Midlands Innovation Commercialisation of Research Accelerator (MICRA) universities were well represented at a roundtable on university spin-out companies organised by legal firm Browne Jacobson.
This prestigious event brought together a wide array of sector leading practitioners with diverse backgrounds and experience in the technology transfer and university spin-out sphere. With participants in the roundtable sharing their thoughts on a wide range of hot topics pertinent to the sphere of higher education innovation translation and commercialisation.
Dr. George Rice, Head of Commercialisation at the University of Nottingham, reflected on how funded initiatives such as the Innovation to the Commercialisation of University Research (ICURe) scheme, are helping to overcome long running and deep seated challenges faced by higher education technology transfer professionals. He said that “the time between registering some IP and creating a spin-out company is getting shorter”.
A process of acceleration which he argues had been assisted by programmes like ICURe that seek to solve one of the big issues, which is “… tensions between academics and universities [during] the efforts needed to grow a spin-out company, because it… takes up a lot of the time of… academics leading them.” In Rice’s experience “ICURe tries to solve that problem by [enabling] universities to appoint someone to take on the ‘grunt work’ and use the more senior academic as the driver”.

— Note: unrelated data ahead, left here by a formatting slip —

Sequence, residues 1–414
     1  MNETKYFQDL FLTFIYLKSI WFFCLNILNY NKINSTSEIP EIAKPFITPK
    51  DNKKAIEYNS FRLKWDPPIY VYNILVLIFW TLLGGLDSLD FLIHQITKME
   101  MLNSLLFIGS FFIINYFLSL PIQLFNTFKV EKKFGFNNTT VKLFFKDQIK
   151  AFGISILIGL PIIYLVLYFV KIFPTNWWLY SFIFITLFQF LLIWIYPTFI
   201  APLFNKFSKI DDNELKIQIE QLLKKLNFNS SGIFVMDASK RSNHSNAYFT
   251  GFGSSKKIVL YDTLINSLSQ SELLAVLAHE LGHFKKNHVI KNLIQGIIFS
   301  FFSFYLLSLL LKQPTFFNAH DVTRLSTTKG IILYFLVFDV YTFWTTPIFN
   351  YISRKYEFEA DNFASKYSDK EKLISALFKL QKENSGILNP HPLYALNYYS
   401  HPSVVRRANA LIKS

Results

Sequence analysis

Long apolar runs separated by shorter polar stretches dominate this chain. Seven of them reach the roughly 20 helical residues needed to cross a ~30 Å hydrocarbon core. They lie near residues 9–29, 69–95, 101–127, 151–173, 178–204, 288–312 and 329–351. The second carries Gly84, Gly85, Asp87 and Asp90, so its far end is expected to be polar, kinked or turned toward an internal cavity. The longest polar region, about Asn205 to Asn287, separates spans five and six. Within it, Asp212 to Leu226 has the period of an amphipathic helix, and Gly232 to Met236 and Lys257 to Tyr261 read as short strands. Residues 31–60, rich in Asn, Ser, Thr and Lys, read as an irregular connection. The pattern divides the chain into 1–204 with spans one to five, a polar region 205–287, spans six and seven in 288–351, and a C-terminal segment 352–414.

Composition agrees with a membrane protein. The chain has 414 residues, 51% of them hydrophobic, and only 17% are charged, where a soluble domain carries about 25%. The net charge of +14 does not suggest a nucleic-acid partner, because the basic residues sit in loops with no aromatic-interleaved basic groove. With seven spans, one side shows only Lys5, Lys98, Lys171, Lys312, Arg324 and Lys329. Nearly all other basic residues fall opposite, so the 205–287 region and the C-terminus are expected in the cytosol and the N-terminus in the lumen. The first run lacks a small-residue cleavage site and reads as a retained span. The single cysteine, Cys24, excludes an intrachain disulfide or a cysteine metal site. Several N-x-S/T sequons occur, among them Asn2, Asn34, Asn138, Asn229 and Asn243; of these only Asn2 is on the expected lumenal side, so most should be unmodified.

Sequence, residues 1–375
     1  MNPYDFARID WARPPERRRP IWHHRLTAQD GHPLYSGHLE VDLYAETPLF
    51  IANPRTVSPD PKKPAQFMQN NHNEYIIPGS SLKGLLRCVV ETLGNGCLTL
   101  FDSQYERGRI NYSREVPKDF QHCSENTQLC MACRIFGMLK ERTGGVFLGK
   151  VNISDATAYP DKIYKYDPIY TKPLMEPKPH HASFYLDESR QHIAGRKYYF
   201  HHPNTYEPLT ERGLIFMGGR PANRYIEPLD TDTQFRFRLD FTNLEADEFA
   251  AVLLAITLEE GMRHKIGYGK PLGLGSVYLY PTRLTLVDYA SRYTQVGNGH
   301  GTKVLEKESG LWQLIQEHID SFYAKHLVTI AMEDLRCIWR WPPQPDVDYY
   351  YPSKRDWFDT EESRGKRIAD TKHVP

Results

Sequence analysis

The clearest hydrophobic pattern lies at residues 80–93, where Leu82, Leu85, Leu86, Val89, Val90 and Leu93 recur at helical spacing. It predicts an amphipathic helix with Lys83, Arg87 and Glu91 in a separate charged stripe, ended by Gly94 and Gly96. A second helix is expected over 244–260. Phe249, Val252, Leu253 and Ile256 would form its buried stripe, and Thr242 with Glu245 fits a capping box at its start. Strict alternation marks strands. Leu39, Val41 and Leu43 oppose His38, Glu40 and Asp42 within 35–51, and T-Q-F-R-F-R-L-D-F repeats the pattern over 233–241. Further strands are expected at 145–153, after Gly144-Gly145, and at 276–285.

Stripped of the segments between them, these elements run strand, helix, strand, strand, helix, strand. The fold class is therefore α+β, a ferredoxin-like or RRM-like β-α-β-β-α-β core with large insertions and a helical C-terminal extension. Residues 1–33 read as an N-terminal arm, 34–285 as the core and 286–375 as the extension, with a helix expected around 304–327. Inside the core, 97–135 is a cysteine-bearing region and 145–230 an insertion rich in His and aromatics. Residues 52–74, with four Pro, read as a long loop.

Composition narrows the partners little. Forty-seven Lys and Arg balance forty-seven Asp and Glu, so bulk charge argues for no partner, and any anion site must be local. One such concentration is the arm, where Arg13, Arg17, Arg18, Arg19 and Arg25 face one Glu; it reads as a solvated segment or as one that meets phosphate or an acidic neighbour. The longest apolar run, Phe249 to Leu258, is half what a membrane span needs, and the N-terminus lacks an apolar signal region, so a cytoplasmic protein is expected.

Similar strategic insights drawn from experience were expressed by University of Birmingham Head of Enterprise Acceleration, David Coleman. He shared the view that the broad role of universities with regards to spin-outs is “…to bring in the right kind of management, business plan and investment to grow this business. Our university has decided that when there’s a sensible opportunity to exit a business we should take it.“
It was not just technical and commercial aspects of creating and managing university spin-out companies that were examined. The discussion also encompassed the value that spin-outs and the technology transfer and commercialisation process can bring to universities, beyond purely commercial outcomes.
Nigel Davies, Chief Business Officer of University of Warwick spin-out Medherent, explained that the kind of pharmaceutical product development his firm does “…can take a long time… It may be ten years before [we] get a return. But that despite this there are other benefits which we’ll bring to the university… These include the publicity and focus on the university that our presence gives, which helps attract more commercial and academic interest”.